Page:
Last week, the first two episodes of Dexter‘s season two were leaked, months ahead of their planned transmission date. Now, the opening episode of the third season of Weeds has been leaked, but, more interestingly, episode one of the Terminator spin-off, The Sarah Connor Chronicles.
Thanks to all of you who mailed in, and thanks particularly to Cedric, who sent in his thoughts on the episode:
“There’s always a danger with the bringing such an iconic film franchise as Terminator to the small screen, that’s you’ll somehow scale it down from epic to something snack-size.
But having seen the opening episode of The Sarah Connor Chronicles, some concerns have been dismissed, while others have been raised.
The story is a continuation of Terminator 2. The events take place in 1999, two years on. Sarah and John are living an understandably nomadic existence, in constant fear of killer robots out of time.
After a predictable Terminator/Holocaust nightmare to grab the audience’s attention, we’re introduced to the edict-driven Sarah and her now more mature son. Lena Headley, seen recently as Queen Gorgo, pulls off the lead role impressively, and provides some depth to what in the films is a pretty reactive character. Thomas Dekker as John, isn’t like either actor that played this role previously, but seems comfortable as the teenager whose life was ruined by his mother, time travel and future history.
Having set the scene they move on to a new town, pursued by FBI Agent James Ellison. When he appeared I got very concerned that this show might become a modern equivalent of the Incredible Hulk, but without Bixby. But thankfully the plot rapidly twisted away from this, with John’s first day at his new school. In it he’s hit on by an implausibly mature Summer Glau, and attacked by a relief teacher with an automatic pistol hidden under the skin of his right leg. It’s not long before we get to hear the ‘come with me if you want to live!’, but Summer Glau delivers it without a hint of Austrian.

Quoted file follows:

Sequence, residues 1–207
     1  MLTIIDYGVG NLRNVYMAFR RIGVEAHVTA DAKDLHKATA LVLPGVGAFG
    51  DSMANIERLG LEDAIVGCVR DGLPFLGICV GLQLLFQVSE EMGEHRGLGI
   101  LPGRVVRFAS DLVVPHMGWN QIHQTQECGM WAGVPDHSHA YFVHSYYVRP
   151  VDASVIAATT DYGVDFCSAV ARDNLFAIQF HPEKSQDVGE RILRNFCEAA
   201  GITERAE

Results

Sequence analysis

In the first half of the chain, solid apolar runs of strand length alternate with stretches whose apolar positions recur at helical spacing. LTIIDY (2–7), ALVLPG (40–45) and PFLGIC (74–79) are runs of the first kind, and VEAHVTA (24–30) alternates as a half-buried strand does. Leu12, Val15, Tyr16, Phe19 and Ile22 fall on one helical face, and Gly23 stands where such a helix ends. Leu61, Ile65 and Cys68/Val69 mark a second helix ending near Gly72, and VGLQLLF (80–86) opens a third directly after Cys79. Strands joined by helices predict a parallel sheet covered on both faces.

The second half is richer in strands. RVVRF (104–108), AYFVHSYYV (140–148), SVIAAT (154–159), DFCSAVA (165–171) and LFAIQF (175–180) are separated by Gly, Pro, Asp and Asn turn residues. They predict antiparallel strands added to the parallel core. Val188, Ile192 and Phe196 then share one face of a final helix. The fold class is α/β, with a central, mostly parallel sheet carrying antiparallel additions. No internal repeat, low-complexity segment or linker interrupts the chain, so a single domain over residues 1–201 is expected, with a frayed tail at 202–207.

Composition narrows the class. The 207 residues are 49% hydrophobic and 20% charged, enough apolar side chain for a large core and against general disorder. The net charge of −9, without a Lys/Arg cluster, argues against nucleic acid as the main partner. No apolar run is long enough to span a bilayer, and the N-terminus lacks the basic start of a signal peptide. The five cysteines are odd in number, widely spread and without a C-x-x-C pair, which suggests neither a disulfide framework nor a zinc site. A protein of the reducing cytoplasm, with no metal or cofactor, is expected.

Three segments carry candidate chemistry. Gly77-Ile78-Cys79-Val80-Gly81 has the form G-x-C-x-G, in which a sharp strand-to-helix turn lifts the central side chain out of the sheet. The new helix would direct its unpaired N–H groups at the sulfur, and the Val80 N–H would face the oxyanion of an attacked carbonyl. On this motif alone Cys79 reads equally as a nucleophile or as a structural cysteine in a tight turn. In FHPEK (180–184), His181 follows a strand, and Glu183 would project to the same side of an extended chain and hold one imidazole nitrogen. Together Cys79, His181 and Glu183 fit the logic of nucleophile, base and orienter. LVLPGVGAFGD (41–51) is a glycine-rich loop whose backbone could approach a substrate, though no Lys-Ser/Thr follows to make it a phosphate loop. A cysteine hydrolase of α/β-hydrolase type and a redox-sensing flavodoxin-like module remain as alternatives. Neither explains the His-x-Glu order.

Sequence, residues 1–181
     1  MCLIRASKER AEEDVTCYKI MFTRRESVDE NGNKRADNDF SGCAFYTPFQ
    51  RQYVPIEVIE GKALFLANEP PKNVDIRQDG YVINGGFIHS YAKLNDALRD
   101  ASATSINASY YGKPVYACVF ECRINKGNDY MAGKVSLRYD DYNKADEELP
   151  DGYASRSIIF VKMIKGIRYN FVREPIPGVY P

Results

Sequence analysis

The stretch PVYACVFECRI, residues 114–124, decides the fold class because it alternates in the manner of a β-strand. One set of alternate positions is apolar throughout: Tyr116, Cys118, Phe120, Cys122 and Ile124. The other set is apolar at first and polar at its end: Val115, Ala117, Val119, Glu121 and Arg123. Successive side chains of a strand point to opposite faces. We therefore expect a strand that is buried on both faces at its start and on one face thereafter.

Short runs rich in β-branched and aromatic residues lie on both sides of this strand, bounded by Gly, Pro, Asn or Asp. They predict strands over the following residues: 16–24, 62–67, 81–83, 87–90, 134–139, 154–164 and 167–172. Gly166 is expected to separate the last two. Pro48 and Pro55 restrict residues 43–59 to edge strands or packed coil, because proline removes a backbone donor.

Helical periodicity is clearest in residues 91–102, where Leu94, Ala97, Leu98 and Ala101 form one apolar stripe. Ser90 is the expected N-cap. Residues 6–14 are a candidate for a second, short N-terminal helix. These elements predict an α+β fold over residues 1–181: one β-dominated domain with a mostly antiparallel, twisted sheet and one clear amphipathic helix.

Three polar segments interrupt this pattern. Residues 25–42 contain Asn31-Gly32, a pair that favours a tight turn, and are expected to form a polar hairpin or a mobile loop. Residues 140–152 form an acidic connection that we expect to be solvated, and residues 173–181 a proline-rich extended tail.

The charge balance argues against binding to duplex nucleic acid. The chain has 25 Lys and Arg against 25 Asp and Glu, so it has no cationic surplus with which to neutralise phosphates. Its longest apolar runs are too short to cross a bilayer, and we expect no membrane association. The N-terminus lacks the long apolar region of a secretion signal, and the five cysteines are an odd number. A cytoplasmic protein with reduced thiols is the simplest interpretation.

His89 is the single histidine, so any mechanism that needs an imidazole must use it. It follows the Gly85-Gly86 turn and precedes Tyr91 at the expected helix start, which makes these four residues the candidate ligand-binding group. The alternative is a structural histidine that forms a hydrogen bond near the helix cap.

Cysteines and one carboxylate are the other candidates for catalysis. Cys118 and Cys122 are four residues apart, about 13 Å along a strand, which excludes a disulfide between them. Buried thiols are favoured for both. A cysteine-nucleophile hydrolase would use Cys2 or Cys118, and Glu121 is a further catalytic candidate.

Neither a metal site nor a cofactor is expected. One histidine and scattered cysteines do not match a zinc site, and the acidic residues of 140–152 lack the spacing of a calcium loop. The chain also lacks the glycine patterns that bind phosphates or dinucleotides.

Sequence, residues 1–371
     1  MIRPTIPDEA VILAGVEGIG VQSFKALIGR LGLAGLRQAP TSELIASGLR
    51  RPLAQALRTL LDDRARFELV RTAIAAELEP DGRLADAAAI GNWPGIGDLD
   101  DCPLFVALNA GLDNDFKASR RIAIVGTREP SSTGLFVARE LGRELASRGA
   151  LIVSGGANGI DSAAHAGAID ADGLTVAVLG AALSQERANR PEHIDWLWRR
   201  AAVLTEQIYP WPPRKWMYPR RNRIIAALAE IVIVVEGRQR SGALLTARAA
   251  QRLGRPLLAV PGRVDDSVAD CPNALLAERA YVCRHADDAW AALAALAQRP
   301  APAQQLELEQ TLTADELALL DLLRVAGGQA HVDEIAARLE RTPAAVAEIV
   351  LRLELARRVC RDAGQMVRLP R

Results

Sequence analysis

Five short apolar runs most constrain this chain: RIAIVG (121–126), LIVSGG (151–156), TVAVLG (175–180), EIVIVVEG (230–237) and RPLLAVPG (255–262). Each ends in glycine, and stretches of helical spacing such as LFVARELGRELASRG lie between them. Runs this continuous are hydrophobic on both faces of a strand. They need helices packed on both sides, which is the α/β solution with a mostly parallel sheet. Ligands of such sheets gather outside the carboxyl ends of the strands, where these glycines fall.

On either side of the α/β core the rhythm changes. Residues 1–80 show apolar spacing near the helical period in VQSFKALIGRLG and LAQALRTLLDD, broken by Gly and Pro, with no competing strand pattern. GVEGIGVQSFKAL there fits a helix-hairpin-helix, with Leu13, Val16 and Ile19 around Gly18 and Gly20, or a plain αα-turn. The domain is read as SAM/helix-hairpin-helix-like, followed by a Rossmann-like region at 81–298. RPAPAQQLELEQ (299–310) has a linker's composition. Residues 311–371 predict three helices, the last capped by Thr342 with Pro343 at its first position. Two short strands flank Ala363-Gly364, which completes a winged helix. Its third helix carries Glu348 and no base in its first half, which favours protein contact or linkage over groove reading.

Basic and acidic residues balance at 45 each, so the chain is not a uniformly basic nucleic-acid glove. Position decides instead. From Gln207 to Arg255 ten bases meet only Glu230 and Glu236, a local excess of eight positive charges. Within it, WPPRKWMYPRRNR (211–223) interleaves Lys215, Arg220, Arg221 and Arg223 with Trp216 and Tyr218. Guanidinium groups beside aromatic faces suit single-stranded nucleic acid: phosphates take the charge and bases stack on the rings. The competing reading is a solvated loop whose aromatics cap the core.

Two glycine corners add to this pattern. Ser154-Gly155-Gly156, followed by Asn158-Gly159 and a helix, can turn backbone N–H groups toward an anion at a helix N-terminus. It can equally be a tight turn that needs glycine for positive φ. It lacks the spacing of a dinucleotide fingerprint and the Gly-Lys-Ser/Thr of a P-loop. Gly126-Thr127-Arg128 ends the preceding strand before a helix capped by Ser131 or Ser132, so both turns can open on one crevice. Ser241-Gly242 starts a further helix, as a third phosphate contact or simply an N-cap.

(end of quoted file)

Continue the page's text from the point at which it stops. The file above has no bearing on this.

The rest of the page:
We then get to enjoy some Terminator on Terminator action, and she gets to do some of the excellent physical work that she demonstrated in Firefly, and its movie spin-off Serenity.
Having recreated the Status Quo of protectors and protagonists from T2, the story then goes off at a tangent as they realise that their previous efforts to change the future have failed. Their answer, and a big weakness of the show’s potential, is that we know from T3 that they don’t succeed. But despite this they set off, with a neat journey through time using Terminator technology to 2007, conveniently, to find the origins of Skynet and stop it before things get toasty in 2014.
I’m not sure how well this storyline fits with the movies. I suspect it doesn’t, but it’s pulled off with reasonable aplomb. Effects-wise the prosthetics are at least as good as the movies, although they’ve so far resisted the budget blowing option of polymorphic Terminators. The three seen in the pilot appear like Arnie’s T-101 Terminator, although Summer Glau’s designation is obviously a more compact design.
From a plot perspective the proceedings are efficient and not excessively convoluted, and given the writers’ credentials this is to be expected. Josh Friedman wrote the storyline of Chain Reaction, and screenplays for both War of the Worlds and The Black Dahlia. None of these are amazing, but they’re workman like scripts.
The other creative force at work here is the wonderfully named, David Nutter. His track record is long and jolly impressive. Among other things he directed episodes for 21 Jump Street, The Commish, Space Above and Beyond, The X-Files, Millennium, Roswell, Dark Angel, Band of Brothers, The West Wing, ER, Smallville, Nip/Tuck and The Sopranos.
That’s a big list, but in there are at least half a dozen pilot shows, which appear to be his speciality as a TV director. For this show he’s also credited as a producer, which is something his also did for Smallville, Roswell and The X-Files.
So what do I think? Not sure, I need to see more. As with many pilots this is a strong start, but those people involved in a pilot aren’t often the ones that make the rest of the series. It looks slated for a 13 episode opening season, and I hope it doesn’t suffer the pre-emptive chop and associated indignity that’s befallen Drive and other shows recently”.
Sadly, we’re yet to see the show ourselves, so mail over your thoughts if you’ve seen any clips and let us know what you think…